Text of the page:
And it’s wildly funny to boot! Pairing the manic Jack Black against a sputtering, fuming Dustin Hoffman is brilliant in a Chuck Jones/Michael Maltese sort of way. It was no surprise to hear that there was much ad-libbing in the recording booth — especially by Black and Seth Rogan — and that a good amount of it made it to the final product. The now cliché slo-mo and still-frame shots pinched from any number of classic kung fu movies is twisted to huge comedy effect here, especially in comic contortions of Po’s face and body in nearly every battle scene.
Kung Fu Panda is a very special movie, one of those very few that is able to rise above its mundane origins and capture the attention of an entire world. And yet, it feels like an intensely personal story. To date, the film has grossed over $630 million dollars worldwide. An eagerly awaited sequel, tentatively titled Pandamonium, is scheduled for the summer of 2011.
The Special Features
The DVD features a mixed bag of special features. On the downside is a very boring video for a remake of “Kung Fu Fighting” done by Cee-Lo, with a couple of inserts of Jack Black. What’s worse is that it’s filled with preteen dancers, making the whole thing look like filler from the Disney Channel. I suppose DreamWorks felt that had to do something like that, considering one of the other lame-ish special features: a “video jukebox” of musical clips from most of the other DreamWorks CG films. Ironically, Kung Fu Panda makes a very good case for not having to stop in the middle of the movie for a happy, sing-along, feel-good remake of a song that was popular over 20 years ago (like they do in every movie). Instead, they went with an excellent score by Hans Zimmer and John Powell. And yes, “Kung Fu Fighting” is playing over the end credits of the film, but there’s nobody dancing and the cast isn’t singing along. It just plays over the masterful and elegant graphics and credits.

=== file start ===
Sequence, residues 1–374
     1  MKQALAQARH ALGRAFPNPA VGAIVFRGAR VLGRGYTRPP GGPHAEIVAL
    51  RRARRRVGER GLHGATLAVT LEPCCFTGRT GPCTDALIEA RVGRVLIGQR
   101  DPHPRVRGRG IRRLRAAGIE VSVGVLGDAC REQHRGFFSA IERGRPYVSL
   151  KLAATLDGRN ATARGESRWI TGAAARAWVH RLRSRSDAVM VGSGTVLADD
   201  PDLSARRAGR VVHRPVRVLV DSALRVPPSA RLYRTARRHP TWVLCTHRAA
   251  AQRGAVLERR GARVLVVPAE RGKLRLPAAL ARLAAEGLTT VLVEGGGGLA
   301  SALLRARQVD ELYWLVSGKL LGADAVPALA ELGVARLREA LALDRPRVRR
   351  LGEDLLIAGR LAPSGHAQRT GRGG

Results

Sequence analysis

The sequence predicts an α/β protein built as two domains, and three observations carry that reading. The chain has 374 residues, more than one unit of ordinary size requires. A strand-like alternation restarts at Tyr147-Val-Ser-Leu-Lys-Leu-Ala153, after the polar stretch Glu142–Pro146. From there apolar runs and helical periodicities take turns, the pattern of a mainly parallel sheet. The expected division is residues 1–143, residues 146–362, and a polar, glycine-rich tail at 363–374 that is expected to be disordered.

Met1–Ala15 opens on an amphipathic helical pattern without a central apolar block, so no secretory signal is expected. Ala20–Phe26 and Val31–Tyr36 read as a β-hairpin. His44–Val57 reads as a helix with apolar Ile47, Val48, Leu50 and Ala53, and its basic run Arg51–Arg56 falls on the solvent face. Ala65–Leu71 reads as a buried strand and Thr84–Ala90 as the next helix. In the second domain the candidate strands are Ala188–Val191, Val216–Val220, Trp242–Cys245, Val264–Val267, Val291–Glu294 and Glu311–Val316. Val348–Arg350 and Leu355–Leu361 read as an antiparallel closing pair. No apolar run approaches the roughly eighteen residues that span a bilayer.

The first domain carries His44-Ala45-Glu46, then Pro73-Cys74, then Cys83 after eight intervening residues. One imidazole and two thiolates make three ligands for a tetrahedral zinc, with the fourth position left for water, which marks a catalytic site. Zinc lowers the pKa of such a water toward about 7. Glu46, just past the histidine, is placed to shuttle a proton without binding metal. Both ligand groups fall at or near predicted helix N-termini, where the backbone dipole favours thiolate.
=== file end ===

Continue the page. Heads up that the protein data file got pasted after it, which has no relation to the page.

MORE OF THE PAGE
Much better are the “Meet the Cast”, “Pushing the Boundaries”, and “Sound Design” mini-features (although they feel a little like warmed-over EPK (electronic press kit) material). I did enjoy watching the sound effects guys trying to create a unique sound with a plunger and someone’s head. The “Dragon Warrior Training Academy” game is harder than it looks (which is good), and the “How To Use Chopsticks” feature managed to teach me how to do it in three minutes flat, as opposed to countless real-life lessons from friends which never quite worked out. But the absolute best feature on the disk is “Mr. Ping’s Noodle House”, where Alton Brown, Food Channel’s resident goofball (Good Eats, Iron Chef America), hosts a fascinating featurette about how noodles are made. Culinary magic, indeed!
The film is available in both full-screen and widescreen editions, as well as in the Blu-ray format. It is also available as a two-pack bundled with Secrets of the Furious Five, a kid-oriented feature starring the popular supporting characters. Jack Black returns as Po in CG-animated segments where Po reveals the Five’s stories. Dustin Hoffman, David Cross, and Randall Duk Kim also return to voice their characters. (The other characters are mostly shown in flashback, as younger characters, and are voiced by other voice actors).
Secrets of the Furious Five
As Secrets of the Furious Five begins, Master Shifu tells Po that today he must face one of his greatest challenges — which turns out to be a couple of dozen little kid rabbits, Shifu’s Introduction to Kung Fu class. Shifu then departs, locking Po in with the the kids, who, being kids, have a bazillion questions. Po decides to entertain — as well as educate — the kids by telling stories about their idols, the Furious Five, from the time before they were fearsome warriors. They learn that the lessons of patience, courage, confidence, control, and compassion made the Five who they are today.
The flashback sequences are quite fun, done in a 2-D animation style similar to the opening dream sequence from the original film. Mantis learns the benefits of slowing down and thinking. Crane, a lowly janitor at a fighting academy, gains confidence to try out for the school after a cute girl student encourages him. Tigress was ultimately saved from a sad fate after being trained by Shifu. Monkey learns a thing or two after encountering Master Oogway. But the best battle cry goes to the young, born-without-fangs Viper with her “I don’t have to bite to fight!” victory cry, defending her overprotective father. This 25-minute feature is charming and cute. Kids will love it!
The special features on this disc will also keep your kids occupied for hours, either learning to draw the characters, dancing the Panda Dance, discovering the secrets behind the Animals of Kung Fu, mastering basic kung fu stances and moves, experiencing the history of the Chinese Zodiac, discovering What Fighting Style Are You?, and learning three-card-monte, errr… “Dumpling Shuffle”.
Secrets of the Furious Five comes bundled with Kung Fu Panda. It is not available separately. (A complimentary copy for this review was provided by the studio.)